Parenting Tips

What is a day like in the life of a mother with three autistic children?

No day is the same, no life is different, and my life as a mother of three autistic children is not exactly like that of another mother who has one or two children just like mine.

There are no recipes for success in life, and everyone is different. Everyone does what they can for our loved ones, but I am convinced that we have much in common.

Career

There are mothers of children with autism who have given up their careers to be with their children, but there are also fathers who do this as it was in my family. My husband quit his job, and I remained a family supporter. He took the children to therapy hundreds of thousands of kilometers if we are to make a total of the Gilău-Cluj roads and back. In almost all families with children with autism, one parent, especially the mother, spends most of her life with the child – sometimes becoming a companion at school.
Although I believe that parents can and are good therapists if they know their children well, this is not the ideal situation. The great danger is that the dependence on the parent will be too great and we will not dare to let the autistic children fly. At some point, the autistic child has to go shopping for ice cream on his own. At some point, he has to go to school alone. It can be from 8 to 9 to 10, at 14, but it has to happen!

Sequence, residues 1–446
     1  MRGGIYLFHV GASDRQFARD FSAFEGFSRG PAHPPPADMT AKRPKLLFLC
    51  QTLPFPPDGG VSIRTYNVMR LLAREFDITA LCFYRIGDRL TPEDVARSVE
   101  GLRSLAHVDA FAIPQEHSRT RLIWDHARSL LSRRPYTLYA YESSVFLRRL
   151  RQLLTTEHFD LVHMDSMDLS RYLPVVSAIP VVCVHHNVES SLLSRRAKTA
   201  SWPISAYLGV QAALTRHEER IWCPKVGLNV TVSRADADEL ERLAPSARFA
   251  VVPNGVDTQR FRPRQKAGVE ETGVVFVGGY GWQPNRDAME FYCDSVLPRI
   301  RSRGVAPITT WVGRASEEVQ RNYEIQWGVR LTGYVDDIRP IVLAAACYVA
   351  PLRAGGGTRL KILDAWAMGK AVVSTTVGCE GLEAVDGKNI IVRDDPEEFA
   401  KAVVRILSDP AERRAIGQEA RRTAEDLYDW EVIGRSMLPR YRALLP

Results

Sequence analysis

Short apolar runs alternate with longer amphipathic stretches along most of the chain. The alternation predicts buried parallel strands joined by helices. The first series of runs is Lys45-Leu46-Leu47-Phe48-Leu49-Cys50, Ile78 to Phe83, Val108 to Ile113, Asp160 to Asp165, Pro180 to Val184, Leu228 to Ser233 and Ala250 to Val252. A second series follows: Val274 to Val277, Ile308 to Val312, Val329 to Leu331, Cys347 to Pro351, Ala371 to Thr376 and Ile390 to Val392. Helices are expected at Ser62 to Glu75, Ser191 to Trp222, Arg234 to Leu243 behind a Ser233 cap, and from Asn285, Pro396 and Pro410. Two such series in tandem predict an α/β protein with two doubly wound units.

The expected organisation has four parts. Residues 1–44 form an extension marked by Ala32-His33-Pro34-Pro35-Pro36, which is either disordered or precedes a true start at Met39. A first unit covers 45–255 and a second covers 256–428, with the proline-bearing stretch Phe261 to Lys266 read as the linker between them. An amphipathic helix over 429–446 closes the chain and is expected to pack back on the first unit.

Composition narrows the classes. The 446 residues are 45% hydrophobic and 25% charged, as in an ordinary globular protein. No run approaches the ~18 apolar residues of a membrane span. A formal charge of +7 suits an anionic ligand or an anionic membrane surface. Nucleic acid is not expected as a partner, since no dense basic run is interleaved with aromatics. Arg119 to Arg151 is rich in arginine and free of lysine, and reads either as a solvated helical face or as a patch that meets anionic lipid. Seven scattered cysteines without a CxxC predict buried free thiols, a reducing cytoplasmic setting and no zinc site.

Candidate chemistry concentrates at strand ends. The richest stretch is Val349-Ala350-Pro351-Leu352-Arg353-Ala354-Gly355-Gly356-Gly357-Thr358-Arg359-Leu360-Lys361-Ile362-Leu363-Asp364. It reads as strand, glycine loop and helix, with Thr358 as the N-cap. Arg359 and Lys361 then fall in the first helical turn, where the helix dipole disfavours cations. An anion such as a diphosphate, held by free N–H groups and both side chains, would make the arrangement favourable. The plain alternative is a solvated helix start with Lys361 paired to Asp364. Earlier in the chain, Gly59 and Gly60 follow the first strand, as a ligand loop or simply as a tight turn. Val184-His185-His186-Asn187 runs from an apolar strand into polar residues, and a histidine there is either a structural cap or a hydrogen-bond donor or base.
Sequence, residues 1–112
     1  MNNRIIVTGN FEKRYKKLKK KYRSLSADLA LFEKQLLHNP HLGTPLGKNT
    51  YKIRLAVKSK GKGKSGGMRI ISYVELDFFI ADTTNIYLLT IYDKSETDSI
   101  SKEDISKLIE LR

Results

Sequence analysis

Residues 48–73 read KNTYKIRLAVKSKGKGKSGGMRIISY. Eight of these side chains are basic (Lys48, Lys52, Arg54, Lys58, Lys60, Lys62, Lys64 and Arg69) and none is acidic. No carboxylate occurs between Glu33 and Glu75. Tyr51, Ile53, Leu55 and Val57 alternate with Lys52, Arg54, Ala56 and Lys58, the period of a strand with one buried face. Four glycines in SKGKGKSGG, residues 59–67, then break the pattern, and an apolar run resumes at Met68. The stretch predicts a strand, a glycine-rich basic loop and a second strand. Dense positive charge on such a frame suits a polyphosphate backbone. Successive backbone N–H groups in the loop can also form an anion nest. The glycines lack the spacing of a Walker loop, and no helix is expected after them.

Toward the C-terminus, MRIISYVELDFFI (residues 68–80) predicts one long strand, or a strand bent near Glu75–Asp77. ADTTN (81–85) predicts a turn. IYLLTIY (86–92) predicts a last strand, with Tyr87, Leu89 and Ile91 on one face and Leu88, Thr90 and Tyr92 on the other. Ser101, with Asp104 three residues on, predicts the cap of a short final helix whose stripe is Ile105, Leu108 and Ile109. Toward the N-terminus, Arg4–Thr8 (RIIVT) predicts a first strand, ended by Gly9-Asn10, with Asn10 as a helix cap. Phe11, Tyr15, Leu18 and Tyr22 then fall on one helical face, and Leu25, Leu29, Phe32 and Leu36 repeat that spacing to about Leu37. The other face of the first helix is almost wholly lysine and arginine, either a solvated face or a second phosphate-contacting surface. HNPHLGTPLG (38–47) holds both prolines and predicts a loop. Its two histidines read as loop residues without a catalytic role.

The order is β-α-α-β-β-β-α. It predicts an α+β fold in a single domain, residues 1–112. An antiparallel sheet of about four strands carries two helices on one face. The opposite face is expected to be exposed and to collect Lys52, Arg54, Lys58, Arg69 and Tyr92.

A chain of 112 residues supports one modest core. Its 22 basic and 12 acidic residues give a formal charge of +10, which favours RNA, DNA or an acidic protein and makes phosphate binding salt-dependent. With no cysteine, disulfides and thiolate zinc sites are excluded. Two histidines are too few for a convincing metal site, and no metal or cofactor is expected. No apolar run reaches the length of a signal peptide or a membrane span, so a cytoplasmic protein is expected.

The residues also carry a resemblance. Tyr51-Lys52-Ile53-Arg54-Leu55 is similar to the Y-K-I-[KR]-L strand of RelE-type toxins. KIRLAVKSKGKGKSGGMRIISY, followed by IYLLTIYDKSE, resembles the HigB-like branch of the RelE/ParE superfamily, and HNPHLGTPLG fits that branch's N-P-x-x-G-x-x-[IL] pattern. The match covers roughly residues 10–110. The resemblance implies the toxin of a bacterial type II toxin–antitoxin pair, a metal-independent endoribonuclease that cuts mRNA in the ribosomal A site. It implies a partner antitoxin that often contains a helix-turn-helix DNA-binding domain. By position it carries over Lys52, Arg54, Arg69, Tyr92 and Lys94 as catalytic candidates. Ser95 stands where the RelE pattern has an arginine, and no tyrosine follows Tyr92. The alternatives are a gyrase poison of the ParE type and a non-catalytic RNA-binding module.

If I can’t do that, it’s not a problem, but we as parents will have to admit that we have a child who will NEVER be independent.

David, my eldest son, has been in mainstream education since he was 5, but that doesn’t mean his brothers will do it at the same age.

On the contrary, I don’t think it’s possible, but I’ll fight for that day. David has known since he was 8 years old that he is autistic, but that does not mean that his brothers will be at the same age, but they will know when they are ready.

What is it like to work when autism is at home?

Before the pandemic, I worked from the office, I had about 3 hours to commute and change buses, but mentally detaching myself from children, problems and autism made me feel good. I’ve been working from home since the pandemic. I rarely take breaks or say my breaks are 2 minutes long when I take George to the bathroom or change a diaper at Ilinca. No, I’m not alone at home, my husband generally takes care of them. But he also goes shopping or business.
David, the eldest, helps me because he can warm their milk or play music so they can leave me alone when I’m in sessions or trainings.
Sometimes they have bad days, they scream all the time that I can’t hear my thoughts, but I still mobilize, because I know why I’m doing this. I do this for them, and that is the biggest motivation!

The biggest advantage of working from home is that you do not worry about children, you are present, it is true that more physical.

But for my children, the benefits can be seen in the progress they have made.

I managed to get George out of diaper in about 4 weeks. It cost me about 15 minutes a day. But what satisfaction!